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Two of the largest MSOs kicked off earnings season this week, with GTI meeting Q4 revenue expectations (it always has) but missing on adjusted EBITDA and Curaleaf following up Thursday with a slight miss on revenue but better than expected adjusted EBITDA. As we have said before, investors would most likely be interested in the forward guidance, and Curaleaf offered an outlook that was far below prior expectations. The company had been expected to generate 2022 revenue of nearly $1.6 billion, but it anticipates that it will produce revenue of $1.4-1.5 billion. It also suggested that it expects adjusted EBITDA to be 28% of revenue, which is slightly less than the expected margin, but this is not bad considering it is off of a lower base of revenue.
Press releases offer a lot of information, of course, but we always suggest reading the filings too. Additionally, the conference calls can provide information that isn’t included in either the press releases or the filings. In the case of Curaleaf, the call is where the guidance and the context behind it were provided. For GTI, the call provided the company with the opportunity to discuss the sudden decline in its gross margin in Q4 from 55.4% to 52.8%.
On its Q3 call, after the company experienced a 5% revenue miss but fell short more substantially of the adjusted EBITDA expectations, Executive Chairman Boris Jordan had pointed to a flood of illicit market product hurting its business in New York and New Jersey. This quarter’s revenue miss was by less than 2%, with the company reporting $320 million. Adjusted EBITDA of nearly $80 million was $2 million better than expected despite the revenue short-fall. Jordan pointed to the challenging economic environment as well as the “croptober” impact (illicit market product from California) as weighing on the revenue.
One major point of differentiation for this call was that the company characterized its adjusted EBITDA margin as being burdened by 7% due to investments in developing markets, like Europe, which alone weighed on overall margins by 1%. CEO Joseph Bayern pointed to its operations in California, Colorado, Michigan and Oregon as depressing its overall margins. The company suggested that its full year adjusted EBITDA margin would have been 32% rather than 25% had it not been in Europe or these more mature or competitive American markets.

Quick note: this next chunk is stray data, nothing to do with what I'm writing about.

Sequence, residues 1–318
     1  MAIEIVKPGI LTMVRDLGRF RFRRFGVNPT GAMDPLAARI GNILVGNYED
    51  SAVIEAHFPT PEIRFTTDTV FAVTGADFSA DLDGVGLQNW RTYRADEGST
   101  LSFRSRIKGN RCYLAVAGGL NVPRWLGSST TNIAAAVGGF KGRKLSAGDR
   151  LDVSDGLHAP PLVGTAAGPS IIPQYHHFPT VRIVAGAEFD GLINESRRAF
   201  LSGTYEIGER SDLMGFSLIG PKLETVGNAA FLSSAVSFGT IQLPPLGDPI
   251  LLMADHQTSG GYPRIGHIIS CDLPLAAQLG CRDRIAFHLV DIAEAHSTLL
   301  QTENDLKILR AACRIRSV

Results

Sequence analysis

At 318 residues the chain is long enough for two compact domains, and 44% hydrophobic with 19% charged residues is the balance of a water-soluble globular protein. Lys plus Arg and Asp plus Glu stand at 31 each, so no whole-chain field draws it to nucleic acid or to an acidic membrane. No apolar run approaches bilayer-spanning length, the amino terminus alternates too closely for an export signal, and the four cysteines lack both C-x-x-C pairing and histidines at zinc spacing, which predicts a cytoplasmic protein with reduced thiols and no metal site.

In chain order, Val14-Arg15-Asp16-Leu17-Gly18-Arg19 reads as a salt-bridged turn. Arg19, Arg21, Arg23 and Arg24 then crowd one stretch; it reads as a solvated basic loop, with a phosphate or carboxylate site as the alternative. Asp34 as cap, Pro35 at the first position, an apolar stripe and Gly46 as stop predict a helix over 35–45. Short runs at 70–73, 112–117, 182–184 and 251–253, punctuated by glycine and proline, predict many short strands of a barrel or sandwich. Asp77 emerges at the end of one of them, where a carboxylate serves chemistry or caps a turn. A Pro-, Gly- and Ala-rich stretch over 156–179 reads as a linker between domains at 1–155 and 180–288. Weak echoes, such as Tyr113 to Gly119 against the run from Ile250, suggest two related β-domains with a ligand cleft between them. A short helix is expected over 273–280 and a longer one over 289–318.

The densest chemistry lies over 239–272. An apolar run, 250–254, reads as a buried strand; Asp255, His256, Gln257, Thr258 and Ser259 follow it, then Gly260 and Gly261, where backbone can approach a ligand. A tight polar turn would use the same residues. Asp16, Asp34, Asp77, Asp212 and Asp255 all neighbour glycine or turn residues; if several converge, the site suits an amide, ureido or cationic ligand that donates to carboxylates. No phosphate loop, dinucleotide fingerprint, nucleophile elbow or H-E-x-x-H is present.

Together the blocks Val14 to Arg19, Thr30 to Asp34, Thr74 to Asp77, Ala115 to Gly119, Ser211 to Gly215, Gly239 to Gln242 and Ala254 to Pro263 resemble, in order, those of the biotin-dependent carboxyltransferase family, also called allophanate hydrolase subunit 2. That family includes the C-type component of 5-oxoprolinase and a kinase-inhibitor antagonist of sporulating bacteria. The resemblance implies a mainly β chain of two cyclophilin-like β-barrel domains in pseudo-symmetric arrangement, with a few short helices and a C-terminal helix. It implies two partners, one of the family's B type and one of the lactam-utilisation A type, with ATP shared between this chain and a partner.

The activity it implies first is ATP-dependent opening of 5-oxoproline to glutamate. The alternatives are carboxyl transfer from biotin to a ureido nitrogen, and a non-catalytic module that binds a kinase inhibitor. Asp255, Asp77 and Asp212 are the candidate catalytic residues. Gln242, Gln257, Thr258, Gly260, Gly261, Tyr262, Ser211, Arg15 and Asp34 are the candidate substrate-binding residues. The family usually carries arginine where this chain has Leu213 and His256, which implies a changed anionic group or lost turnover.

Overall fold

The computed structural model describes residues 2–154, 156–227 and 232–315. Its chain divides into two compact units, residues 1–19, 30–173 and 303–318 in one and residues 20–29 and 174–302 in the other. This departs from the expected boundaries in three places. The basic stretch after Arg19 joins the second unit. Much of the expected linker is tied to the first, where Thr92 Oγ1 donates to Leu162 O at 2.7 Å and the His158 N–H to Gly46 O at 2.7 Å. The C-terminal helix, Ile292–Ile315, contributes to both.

In terms of its outlook, Jordan discussed several factors causing it to temper its outlook, including the delay in New Jersey and a more challenging consumer environment. Jordan shared his expectation that New Jersey will launch adult-use on May 1st, but he anticipates that the roll out will be slow due to there being so few stores open in the state. In terms of the consumer, he pointed to shrinking discretionary income related to the end of stimulus checks and high inflation. The mid-point of Curaleaf’s guidance would represent 20% growth in revenue and 36% growth in adjusted EBITDA.
Analysts questioned management regarding pricing in Pennsylvania and Florida. Jordan suggested that Curaleaf hasn’t seen the pricing pressure other companies have mentioned in Pennsylvania, but he didn’t really answer the question about Florida. Instead, he pointed to their operational improvements. An interesting point that Jordan mentioned in the Q&A was that after a tough January, business began to pick up in mid-February and into March, something that we have seen in the data as well. Finally, elaborating on the drag on margins from certain states, Jordan suggested that 20-25% margins are probably the best investors can expect in those more competitive states compared to over 40% in the Eastern states.
Green Thumb Industries’ Call